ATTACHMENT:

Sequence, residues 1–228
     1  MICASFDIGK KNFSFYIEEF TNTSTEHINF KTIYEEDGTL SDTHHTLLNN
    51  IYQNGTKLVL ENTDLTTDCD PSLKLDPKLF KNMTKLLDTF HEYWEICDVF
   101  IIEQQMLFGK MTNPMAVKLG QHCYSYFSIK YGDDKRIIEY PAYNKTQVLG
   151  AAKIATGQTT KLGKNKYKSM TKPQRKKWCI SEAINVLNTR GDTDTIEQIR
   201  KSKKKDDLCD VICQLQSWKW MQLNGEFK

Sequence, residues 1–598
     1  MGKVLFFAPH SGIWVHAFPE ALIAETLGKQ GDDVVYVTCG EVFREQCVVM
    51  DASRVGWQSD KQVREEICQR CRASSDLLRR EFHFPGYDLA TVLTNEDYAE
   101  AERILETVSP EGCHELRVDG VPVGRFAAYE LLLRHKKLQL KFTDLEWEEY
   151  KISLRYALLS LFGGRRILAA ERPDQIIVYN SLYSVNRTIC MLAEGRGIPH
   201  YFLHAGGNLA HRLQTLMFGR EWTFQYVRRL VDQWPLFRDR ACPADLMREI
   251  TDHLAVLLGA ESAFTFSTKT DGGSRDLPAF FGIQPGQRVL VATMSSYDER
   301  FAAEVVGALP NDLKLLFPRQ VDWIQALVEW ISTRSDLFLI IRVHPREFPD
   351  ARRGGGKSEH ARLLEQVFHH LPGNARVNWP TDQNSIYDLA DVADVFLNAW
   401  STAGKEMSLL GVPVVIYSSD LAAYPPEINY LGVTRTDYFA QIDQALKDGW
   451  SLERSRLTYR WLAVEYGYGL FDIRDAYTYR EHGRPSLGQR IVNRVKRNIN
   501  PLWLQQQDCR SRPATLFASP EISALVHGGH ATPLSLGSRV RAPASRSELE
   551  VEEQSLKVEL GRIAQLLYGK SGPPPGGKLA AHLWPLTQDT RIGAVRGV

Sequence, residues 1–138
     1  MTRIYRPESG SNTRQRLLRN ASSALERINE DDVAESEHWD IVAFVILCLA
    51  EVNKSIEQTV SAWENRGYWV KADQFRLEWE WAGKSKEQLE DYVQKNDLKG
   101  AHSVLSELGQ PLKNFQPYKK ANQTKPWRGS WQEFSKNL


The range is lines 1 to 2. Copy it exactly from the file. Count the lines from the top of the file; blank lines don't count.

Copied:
Sequence, residues 1–228
     1  MICASFDIGK KNFSFYIEEF TNTSTEHINF KTIYEEDGTL SDTHHTLLNN